Napster to tap online music database

The Associated Press
Wednesday March 14, 2001



SAN FRANCISCO — Napster Inc., in its quest to appease the recording industry and block access to unauthorized songs, has signed an agreement with a company that maintains an online database with millions of song titles to help identify copyright material. 

Napster announced Tuesday it will lean on music catalog specialist Gracenote to help it weed out copyright music. Berkeley-based Gracenote catalogs music for online information access and software applications. 

Gracenote also catalogs the spelling variants that have proved troublesome for Napster as the song-swap service tries to comply with a federal court injunction to block the trading of unauthorized content. Gracenote’s database of song titles, including misspellings, is about 12 million and is based on user submissions. 

“We’ve been exploring a partnership with Gracenote for months and the ability to quickly enlist their support in our file-filtering efforts will greatly improve our effectiveness,” Napster CEO Hank Barry said in a statement. “We are leaving no stone unturned in our efforts to comply with the court’s injunction.” 

Gracenote normally provides its services as an added feature to desktop music playing software such as MusicMatch and Winamp, popping up artist and song titles on PCs when users insert an audio CD. 

“Our core business is really not helping peer-to-peer networks filter. But it was just a perfect fit,” Gracenote president David Hyman said. 

Although terms of the deal between the two online companies were not revealed, Hyman confirmed that Napster will have full access to Gracenote’s database of music information. 

“Personally, I feel like it’s a great moment in digital music,” Hyman said. “It’s part of the solution that keeps the Napster phenomenon alive.”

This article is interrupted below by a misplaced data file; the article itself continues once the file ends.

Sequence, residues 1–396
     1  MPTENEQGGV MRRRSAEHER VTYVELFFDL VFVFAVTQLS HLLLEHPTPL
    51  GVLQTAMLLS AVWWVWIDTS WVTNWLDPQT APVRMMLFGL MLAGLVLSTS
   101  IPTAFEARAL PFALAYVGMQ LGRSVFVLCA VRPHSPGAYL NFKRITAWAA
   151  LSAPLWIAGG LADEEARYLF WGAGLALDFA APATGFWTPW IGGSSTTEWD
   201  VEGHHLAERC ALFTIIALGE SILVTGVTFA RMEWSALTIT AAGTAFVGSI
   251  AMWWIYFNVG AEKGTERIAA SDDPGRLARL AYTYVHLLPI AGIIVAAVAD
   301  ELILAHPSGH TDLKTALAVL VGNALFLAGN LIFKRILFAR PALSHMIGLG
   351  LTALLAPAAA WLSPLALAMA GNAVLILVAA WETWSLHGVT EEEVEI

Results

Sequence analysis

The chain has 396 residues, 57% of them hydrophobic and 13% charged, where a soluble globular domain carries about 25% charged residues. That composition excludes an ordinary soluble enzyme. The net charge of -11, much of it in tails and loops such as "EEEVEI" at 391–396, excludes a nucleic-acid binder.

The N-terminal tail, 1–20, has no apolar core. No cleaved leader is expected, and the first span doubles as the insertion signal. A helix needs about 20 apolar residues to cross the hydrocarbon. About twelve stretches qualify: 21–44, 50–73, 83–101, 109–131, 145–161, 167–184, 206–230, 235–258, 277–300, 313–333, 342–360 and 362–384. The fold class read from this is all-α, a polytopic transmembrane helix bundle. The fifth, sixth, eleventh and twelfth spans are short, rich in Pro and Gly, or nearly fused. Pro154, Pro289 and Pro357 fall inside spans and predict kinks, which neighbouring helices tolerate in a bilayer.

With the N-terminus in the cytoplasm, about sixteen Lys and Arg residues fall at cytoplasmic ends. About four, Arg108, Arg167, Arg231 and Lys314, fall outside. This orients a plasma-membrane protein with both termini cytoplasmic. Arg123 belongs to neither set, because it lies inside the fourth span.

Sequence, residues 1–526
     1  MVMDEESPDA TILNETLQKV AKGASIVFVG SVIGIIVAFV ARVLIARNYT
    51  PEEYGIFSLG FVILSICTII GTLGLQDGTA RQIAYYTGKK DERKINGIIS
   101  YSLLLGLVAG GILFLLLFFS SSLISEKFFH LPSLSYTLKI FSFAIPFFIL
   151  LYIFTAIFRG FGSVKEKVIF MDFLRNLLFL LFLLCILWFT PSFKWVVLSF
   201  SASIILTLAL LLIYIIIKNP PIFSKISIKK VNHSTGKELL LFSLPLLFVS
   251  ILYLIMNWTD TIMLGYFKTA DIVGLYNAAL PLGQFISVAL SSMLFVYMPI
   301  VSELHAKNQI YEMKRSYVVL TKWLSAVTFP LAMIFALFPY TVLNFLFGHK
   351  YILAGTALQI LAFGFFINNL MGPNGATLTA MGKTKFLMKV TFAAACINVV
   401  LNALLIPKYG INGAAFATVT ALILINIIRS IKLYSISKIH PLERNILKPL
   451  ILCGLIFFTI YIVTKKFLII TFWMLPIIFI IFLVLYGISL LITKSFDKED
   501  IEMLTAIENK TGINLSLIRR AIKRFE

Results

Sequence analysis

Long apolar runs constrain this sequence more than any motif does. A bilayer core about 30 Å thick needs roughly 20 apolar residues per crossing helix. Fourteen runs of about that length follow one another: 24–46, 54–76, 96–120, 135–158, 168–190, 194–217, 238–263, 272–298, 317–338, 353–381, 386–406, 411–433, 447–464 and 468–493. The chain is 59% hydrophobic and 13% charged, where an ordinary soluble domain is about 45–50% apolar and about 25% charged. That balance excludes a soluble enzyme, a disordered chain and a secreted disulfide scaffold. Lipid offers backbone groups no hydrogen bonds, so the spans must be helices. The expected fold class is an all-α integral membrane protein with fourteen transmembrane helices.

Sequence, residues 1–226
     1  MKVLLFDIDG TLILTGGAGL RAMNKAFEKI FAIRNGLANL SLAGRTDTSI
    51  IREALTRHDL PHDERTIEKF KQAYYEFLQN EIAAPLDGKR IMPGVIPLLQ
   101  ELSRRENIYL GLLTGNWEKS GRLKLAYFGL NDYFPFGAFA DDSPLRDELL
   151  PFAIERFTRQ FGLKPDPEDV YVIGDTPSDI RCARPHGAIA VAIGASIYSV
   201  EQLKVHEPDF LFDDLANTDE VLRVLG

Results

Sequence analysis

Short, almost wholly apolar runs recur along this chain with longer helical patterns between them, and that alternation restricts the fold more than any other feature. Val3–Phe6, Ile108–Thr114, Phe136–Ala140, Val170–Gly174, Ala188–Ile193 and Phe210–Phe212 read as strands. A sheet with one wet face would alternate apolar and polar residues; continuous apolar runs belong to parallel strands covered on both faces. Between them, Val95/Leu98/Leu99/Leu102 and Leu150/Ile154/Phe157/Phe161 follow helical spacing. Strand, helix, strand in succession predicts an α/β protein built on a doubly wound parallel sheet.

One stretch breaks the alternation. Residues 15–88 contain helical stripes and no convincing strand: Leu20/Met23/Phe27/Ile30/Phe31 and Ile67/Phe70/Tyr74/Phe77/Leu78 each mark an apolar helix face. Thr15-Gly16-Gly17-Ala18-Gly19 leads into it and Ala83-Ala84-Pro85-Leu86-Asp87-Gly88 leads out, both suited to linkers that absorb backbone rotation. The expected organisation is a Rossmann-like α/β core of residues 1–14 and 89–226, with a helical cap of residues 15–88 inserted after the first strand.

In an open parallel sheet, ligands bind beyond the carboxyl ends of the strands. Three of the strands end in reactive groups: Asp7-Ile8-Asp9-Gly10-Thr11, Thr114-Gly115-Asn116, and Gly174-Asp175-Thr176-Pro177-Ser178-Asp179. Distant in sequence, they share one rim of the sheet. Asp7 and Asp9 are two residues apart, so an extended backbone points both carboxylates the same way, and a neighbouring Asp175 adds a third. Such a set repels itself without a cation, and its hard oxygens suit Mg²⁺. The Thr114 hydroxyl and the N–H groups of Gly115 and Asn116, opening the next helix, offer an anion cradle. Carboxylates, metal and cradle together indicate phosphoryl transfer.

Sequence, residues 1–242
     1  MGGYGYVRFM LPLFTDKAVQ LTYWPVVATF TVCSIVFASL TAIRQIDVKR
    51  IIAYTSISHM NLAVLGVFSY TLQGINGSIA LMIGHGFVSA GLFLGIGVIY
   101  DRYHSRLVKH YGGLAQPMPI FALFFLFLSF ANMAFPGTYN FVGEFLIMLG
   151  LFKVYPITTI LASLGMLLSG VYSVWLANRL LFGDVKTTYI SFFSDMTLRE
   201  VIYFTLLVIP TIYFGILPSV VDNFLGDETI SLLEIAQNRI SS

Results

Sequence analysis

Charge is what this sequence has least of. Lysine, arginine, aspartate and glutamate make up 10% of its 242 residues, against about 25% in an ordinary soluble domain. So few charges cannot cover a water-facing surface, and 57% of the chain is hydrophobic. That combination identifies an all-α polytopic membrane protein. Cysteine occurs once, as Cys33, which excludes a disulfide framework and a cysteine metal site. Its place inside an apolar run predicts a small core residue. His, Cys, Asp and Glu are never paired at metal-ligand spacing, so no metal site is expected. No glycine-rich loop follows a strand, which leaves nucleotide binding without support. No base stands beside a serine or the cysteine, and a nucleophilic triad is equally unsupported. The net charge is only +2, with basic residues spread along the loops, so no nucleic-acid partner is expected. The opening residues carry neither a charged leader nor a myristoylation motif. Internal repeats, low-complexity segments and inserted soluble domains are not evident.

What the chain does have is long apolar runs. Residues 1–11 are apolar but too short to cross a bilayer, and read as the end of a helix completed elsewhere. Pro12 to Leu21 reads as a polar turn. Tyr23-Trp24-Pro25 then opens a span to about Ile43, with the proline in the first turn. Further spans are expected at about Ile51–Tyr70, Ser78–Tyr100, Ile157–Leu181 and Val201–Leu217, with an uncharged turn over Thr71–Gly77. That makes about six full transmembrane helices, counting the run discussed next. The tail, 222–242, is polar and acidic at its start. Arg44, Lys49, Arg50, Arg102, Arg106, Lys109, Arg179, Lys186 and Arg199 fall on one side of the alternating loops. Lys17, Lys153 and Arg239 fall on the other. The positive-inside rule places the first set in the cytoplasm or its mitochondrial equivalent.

Napster has struggled to comply with an injunction that requires it to block access to certain songs after receiving proper notice from the copyright holders.  

The Recording Industry Association of America, on behalf of its members, submitted 135,000 filenames to Napster last Friday to have them blocked from the file-sharing service. 

A Napster spokeswoman said the company actually received a total of 6 million filenames, including spelling variations, from the recording industry on Friday. That number represented 26,000 artist/song title pairs that Napster claims have been effectively blocked from its service. 

Napster is continually getting more submissions from the recording industry and the screening technology is an “ongoing process,” said Napster spokeswoman Tracy Malakar. 

The RIAA appeared unimpressed by Napster’s progress thus far. 

“We are not going to debate the fine points of the order’s implementation. We believe the court’s intent is clear. Napster is required to stop infringing. Stall tactics are unacceptable,” said RIAA spokeswoman Amy Weiss. 

Napster’s efforts have been slowed somewhat by the large number of misspellings and variants on song and artist names. Some Napster users even have resorted to Pig Latin to sneak their favorite tunes onto the service. 

Spelling variants of artists’ names — “MMetallica” or “etallicaMay,” for instance — have lessened the effectiveness of Napster’s week-old screening technology, the company said. 


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